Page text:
Medication Management

I was speaking with a cousin recently and he mentioned a dangerous situation that arose when he took a medication that interacted with another medication he had been taking for a long time. The two drugs combined and put him into a stupor while he was cooking supper—resulting in a large kitchen fire that could have killed him or spread throughout the apartment complex in which he lives.

As we age, it’s not uncommon for the number of prescription and over-the-counter medications we use to grow. This increase in types of drugs heightens the chance of harmful side effects or drug interactions. In addition, our bodies change as we age. A medication that we can take in our fifties might start causing difficulties when we’re in our sixties. Certain medications are known to increase the risk of falling. With this in mind, medications should be reviewed periodically to ensure that they are helping rather than hurting us.

The U.S Food and Drug Administration (FDA) offers four safety tips for medication management.

  1. Take medicine as prescribed, with input from your health care provider.
    Make sure you understand the instructions on how often and how much medication to take. If you find you’re experiencing bothersome side effects, contact your provider immediately.
  2. Store your medicines properly and check expiration dates.
    Medications that are not stored properly may not work or may cause harm. Make sure to understand how to properly store them. Expired medications may become weaker and ineffective. But, over time, a medication may change chemically and become dangerous. If you need to dispose of any medications, contact your local Council on Aging or Police Department. Oftentimes, these organizations can sometimes make arrangements for the safe disposal of medications.
  3. Be aware of potential medication interactions and side effects.
    Make sure to discuss all medications—both prescription and over-the-counter—with your health care provider. Pay close attention to the instructions on the medication packaging. Certain medications should not be taken with some everyday foods. For example, grapefruit can cause dangerous side effects when eaten along with certain drugs.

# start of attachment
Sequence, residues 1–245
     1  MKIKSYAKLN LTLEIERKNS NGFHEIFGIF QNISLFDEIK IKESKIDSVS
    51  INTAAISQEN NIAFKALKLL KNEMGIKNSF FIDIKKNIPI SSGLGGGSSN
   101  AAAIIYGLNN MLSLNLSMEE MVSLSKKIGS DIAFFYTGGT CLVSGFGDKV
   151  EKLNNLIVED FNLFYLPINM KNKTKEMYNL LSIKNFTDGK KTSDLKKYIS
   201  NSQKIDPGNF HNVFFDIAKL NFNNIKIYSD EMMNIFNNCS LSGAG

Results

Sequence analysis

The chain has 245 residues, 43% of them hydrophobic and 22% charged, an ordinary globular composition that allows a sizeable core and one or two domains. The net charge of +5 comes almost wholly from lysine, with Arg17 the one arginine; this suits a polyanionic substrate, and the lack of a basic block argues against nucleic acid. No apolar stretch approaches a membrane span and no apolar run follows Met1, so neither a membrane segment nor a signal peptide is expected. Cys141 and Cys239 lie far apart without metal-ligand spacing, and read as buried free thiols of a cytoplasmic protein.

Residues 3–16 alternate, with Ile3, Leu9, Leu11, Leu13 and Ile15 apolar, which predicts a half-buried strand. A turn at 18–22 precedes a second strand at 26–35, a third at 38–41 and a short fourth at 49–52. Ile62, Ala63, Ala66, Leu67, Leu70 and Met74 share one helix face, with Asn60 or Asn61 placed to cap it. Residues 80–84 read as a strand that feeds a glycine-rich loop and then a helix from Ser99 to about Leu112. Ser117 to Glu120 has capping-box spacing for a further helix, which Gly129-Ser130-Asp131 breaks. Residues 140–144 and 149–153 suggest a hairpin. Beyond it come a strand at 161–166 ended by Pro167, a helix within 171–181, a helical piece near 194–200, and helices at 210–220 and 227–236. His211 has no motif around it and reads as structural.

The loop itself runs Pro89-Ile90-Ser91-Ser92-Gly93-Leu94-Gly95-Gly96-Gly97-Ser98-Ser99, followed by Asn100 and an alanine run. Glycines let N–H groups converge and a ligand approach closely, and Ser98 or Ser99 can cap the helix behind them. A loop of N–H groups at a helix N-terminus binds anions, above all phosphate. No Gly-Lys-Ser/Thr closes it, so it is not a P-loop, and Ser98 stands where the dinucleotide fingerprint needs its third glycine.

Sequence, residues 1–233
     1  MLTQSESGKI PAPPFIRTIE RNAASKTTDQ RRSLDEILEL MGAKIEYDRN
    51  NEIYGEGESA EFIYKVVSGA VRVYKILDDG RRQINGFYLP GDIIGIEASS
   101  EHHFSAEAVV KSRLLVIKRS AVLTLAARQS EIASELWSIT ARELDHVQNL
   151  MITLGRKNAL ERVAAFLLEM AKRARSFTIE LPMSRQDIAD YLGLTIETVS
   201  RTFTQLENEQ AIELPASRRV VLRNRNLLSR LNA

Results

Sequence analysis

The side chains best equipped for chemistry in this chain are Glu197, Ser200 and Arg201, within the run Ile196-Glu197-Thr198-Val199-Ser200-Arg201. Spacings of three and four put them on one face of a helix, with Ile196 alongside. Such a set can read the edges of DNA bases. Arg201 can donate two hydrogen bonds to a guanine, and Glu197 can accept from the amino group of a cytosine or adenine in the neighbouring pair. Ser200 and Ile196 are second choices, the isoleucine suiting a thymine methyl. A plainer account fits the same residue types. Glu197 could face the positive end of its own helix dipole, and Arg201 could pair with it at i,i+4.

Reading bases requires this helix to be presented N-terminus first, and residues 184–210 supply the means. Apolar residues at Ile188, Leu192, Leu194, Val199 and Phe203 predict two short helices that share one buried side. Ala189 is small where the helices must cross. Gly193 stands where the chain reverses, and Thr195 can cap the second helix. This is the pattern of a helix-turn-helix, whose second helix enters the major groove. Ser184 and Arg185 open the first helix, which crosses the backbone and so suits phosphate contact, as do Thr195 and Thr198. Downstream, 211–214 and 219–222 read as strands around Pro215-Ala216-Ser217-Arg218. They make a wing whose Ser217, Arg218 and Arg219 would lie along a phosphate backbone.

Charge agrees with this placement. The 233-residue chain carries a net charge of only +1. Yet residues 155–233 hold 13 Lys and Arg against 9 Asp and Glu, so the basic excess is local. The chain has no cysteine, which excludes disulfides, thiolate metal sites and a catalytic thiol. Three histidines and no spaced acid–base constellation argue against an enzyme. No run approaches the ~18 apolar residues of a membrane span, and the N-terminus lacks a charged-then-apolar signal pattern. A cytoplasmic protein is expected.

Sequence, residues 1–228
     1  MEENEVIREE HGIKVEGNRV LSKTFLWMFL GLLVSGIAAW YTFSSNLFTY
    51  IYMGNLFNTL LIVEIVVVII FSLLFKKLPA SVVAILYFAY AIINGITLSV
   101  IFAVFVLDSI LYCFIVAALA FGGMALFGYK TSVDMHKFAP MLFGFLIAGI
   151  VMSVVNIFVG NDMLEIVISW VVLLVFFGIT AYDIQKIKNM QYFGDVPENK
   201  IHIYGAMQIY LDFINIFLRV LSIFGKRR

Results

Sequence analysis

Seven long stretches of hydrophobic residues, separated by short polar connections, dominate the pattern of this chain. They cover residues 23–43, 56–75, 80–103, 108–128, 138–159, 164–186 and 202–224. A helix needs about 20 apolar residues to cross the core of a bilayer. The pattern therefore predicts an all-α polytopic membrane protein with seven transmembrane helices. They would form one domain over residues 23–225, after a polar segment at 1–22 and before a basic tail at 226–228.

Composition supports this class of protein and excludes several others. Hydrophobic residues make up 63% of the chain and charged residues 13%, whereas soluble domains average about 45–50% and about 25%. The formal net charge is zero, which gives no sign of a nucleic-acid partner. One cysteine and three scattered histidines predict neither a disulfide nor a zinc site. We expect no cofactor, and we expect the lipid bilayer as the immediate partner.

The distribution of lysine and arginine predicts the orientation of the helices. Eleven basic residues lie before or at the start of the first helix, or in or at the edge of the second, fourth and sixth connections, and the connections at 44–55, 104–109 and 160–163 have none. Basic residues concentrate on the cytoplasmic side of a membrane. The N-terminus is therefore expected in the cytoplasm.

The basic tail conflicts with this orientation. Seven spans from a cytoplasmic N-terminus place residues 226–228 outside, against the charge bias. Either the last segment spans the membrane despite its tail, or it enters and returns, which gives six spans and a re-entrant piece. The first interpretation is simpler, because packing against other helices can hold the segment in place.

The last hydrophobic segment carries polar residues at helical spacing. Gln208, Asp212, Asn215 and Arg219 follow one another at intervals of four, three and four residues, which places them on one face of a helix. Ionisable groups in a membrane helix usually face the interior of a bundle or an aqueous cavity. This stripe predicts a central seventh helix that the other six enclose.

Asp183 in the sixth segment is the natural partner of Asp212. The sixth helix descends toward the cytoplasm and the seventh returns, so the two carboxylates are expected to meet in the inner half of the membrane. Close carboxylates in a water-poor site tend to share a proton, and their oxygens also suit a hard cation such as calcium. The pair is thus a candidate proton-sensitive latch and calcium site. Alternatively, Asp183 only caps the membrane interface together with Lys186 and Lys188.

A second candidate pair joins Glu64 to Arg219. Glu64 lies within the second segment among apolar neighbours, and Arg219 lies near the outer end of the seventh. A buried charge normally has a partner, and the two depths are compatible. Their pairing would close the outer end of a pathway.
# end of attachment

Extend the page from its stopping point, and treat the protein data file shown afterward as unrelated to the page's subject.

4. Keep a medication list.
    Write down every medication you take—both prescription and over-the-counter—and keep this list up to date. Let your emergency contact person know where they can find this list in case of an emergency. Take this list to every doctor appointment—especially if you see multiple practitioners. It’s critical for all of your doctors to know all of your medications. In addition, it’s very important to be honest with your doctor about your alcohol, marijuana, or illegal drug usage.

There are a variety of products that can help you to manage your medications safely. There are the daily pill boxes that have been around for years. Some pill boxes now will partner with a cellphone app to remind the user when it’s time to take their medications. There are special machines that can be loaded and programmed to dispense the correct medication at the right time. There is special packaging that can provide packets of medication that are labeled with the date and time to take the medications in each packet. Smart-home devices (i.e., Google Assistant, Amazon Alexa, etc.) can be programmed to remind a person to take their medications at the correct time—even if the correct time is at 3am.

These devices and services can be very helpful, but make sure you understand how they work. If you have a fully-loaded device and your doctor changes your dosage or cancels the prescription—what happens? Does your health insurance cover this type of medication delivery? If the device is electronic, what happens when the power goes out?